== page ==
The host nation for a summit of Western Hemisphere leaders on Tuesday withdrew its invitation to Venezuelan leader Nicolas Maduro over his country's plan to hold an early presidential election. "Well, you will see me, because come rain or shine, be it coming over by air, land or sea, I will arrive at the summit". Hours before, the so-called Lima group, which is comprised of nations such as Argentina, Peru, Brazil and Canada, issued a rebuke of the upcoming April 22 vote, saying it "will lack all legitimacy and credibility" and demanded the date be changed.
Maduro had been among leaders invited to the Summit of the Americas, a regional gathering seen as the premier forum for projecting USA leadership in Latin America and the Caribbean.
"If the USA puts an oil embargo on us, we will take our boat and go somewhere else", Venezuelan President Nicolas Maduro said.
"Call a meeting, dare, don't be scared of me, President Macri", said Maduro. Cuba's foreign ministry on Thursday said it rejected Venezuela's exclusion from the summit and vowed "unshakeable solidarity" with Maduro's government.
While criticised by some world powers over Venezuela's April election call, Maduro announced on Wednesday he wants nationals living in the USA city of Miami to vote, even though there's a strong opposition presence there. They also say he refuses to acknowledge the extent of Venezuela's humanitarian suffering, so it is futile to meet with him.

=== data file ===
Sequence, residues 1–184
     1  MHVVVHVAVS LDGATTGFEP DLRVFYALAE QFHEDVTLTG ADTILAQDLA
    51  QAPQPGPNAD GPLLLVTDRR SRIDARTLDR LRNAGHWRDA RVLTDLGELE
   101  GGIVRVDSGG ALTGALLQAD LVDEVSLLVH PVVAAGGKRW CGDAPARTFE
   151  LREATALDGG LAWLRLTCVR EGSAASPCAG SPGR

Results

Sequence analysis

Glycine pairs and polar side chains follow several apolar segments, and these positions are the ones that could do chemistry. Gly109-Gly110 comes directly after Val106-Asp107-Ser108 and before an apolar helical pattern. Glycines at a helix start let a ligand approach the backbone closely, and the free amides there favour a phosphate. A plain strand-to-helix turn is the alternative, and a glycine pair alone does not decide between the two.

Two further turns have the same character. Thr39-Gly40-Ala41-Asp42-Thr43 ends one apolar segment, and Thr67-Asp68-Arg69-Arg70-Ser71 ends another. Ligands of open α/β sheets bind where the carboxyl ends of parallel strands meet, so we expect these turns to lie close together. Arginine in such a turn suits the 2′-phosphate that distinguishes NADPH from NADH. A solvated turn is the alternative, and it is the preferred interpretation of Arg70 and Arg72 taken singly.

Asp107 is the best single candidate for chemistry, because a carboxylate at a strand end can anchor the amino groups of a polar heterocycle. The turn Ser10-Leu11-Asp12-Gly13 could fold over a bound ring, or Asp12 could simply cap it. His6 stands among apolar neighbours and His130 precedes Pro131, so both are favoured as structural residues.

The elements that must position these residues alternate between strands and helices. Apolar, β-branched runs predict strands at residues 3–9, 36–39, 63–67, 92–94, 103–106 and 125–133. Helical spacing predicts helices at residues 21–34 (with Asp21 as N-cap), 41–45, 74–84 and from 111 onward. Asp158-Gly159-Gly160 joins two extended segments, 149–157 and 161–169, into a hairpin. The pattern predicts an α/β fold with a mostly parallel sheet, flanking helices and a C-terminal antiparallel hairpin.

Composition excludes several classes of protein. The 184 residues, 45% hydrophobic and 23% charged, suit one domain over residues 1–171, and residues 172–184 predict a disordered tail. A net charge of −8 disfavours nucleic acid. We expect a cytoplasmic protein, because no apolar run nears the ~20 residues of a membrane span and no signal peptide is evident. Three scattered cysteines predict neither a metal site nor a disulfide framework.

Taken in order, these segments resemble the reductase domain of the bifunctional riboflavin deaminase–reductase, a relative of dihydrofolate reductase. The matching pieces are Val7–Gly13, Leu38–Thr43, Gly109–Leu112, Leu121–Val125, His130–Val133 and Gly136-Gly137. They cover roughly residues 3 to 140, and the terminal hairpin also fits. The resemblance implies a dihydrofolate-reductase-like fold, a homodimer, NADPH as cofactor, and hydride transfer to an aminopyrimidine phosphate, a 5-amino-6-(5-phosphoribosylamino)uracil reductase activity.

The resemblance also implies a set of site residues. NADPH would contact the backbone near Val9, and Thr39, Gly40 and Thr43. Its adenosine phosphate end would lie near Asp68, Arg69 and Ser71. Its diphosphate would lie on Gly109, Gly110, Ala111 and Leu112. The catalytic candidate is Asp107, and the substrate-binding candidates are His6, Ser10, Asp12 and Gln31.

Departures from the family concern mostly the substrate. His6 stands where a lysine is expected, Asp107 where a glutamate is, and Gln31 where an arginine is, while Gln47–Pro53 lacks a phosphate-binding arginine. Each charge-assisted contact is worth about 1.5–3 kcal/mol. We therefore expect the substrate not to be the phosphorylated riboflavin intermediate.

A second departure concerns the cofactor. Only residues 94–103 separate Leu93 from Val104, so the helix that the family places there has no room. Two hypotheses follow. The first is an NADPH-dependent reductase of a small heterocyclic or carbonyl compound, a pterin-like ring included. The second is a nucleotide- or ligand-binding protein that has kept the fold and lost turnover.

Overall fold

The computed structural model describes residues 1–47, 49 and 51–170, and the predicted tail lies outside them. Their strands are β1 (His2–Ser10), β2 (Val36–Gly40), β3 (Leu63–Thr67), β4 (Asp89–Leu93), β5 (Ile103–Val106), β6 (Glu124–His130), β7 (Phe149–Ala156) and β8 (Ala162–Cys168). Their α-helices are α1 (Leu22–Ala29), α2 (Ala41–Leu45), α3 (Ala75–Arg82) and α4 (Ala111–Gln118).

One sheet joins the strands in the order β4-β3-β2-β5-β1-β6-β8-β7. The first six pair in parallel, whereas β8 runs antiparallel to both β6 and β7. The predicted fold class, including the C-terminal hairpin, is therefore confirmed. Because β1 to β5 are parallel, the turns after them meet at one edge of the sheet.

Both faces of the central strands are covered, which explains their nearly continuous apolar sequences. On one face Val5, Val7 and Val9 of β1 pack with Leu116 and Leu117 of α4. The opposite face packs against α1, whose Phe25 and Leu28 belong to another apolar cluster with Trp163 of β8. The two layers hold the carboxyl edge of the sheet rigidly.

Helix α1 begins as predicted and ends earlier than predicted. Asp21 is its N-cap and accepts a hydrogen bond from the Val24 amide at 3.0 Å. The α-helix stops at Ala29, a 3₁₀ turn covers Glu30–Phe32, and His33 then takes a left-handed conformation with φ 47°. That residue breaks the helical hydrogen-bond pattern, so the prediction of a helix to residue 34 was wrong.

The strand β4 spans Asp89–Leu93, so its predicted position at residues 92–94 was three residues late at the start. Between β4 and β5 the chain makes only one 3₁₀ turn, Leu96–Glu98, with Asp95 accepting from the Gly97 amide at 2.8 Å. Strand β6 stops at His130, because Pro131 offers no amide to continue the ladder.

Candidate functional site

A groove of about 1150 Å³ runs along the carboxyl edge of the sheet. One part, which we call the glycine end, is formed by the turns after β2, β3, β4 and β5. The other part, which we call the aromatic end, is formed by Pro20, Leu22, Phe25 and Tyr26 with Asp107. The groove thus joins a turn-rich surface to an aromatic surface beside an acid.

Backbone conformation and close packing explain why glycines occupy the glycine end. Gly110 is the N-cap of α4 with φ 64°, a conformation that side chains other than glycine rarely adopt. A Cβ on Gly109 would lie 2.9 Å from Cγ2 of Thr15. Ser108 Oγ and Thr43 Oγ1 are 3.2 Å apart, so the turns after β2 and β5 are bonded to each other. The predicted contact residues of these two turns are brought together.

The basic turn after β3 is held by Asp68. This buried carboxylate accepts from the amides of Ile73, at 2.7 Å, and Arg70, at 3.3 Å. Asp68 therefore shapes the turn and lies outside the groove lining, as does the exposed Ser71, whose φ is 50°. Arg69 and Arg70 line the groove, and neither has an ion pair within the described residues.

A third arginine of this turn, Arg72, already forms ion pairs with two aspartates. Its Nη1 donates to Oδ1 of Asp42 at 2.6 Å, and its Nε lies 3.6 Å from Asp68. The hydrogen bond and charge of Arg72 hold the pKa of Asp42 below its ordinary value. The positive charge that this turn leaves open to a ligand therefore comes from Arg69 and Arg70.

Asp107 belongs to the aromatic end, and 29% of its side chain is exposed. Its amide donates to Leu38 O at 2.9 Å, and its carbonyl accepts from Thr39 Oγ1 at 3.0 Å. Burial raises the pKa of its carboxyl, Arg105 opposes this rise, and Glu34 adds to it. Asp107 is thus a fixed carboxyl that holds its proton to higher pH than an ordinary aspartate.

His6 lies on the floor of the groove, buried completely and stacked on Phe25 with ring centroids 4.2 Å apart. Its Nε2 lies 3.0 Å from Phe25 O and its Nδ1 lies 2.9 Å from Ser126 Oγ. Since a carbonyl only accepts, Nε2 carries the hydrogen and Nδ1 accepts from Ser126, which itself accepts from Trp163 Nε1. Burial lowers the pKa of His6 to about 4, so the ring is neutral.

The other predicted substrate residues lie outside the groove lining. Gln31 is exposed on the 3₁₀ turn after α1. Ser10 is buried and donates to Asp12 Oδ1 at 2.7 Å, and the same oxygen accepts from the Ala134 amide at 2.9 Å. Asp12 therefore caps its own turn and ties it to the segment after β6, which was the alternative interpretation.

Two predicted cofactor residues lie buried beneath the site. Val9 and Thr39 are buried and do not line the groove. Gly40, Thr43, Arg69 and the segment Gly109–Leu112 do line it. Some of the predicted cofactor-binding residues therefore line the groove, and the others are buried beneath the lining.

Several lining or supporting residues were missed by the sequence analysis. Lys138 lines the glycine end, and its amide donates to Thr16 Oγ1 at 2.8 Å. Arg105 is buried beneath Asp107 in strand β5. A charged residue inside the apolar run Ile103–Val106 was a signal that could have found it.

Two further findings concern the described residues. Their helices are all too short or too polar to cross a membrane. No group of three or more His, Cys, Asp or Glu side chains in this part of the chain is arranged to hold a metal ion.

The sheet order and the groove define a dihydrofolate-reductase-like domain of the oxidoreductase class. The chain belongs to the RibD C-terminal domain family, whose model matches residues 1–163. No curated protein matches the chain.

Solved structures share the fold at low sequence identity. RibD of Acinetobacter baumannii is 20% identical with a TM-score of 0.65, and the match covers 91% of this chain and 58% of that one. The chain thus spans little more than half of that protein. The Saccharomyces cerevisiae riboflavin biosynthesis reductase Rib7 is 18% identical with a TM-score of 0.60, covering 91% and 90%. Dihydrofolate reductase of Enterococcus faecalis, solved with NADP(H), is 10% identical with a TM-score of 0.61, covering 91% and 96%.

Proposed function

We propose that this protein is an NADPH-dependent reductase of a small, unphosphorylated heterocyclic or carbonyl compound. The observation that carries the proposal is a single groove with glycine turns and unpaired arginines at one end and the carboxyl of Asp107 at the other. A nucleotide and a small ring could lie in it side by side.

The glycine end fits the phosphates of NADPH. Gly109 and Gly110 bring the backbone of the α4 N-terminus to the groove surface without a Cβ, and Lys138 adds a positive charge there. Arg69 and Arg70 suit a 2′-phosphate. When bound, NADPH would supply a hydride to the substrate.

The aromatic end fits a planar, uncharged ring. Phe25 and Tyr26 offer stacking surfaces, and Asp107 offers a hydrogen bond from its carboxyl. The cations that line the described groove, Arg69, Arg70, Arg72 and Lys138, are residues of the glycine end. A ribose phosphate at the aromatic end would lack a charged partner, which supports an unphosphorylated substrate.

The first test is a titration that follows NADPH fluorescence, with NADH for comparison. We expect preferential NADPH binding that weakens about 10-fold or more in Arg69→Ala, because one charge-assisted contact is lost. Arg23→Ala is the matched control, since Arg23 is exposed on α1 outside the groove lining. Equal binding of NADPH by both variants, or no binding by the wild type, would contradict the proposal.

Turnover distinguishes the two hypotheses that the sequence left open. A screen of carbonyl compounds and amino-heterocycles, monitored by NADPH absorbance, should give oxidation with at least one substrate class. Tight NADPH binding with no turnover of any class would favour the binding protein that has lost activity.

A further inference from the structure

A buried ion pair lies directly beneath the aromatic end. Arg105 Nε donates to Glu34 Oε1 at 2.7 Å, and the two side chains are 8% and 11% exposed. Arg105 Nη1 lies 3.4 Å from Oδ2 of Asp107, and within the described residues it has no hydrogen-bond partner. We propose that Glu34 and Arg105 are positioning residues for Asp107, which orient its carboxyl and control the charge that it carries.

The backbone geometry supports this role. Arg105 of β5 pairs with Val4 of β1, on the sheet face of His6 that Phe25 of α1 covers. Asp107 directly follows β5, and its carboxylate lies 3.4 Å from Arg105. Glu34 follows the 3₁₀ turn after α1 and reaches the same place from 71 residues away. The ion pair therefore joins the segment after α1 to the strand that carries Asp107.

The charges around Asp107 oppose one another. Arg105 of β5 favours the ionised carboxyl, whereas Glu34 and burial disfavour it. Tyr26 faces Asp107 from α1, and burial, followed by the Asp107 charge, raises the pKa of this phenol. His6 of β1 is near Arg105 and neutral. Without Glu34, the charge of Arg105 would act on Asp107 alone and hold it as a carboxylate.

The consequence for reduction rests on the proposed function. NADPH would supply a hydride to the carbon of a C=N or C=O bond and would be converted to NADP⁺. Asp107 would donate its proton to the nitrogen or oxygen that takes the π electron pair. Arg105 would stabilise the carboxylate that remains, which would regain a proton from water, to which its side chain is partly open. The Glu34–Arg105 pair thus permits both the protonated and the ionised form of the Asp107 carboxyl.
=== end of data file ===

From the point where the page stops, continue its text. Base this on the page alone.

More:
Maduro, a 55 year-old former bus driver and union leader, says right-wing regional governments are part of US -led worldwide conspiracy to topple him and take control of the OPEC member's oil resources.
Maduro does have allies in Latin America. On the suggestions of right-wing governments to give up on participating in the aforementioned Summit, Maduro reiterated his presence at the government meeting and affirmed that it will be the favorable scenario to defend the truth and sovereignty of his country.
"They're the most unpopular governments on the planet", he said, naming Argentina, Colombia and Peru.
Venezuela is home to the world's biggest crude reserves. Still, even their support has cooled somewhat during a fifth straight year of recession and widespread accusations of mismanagement and corruption.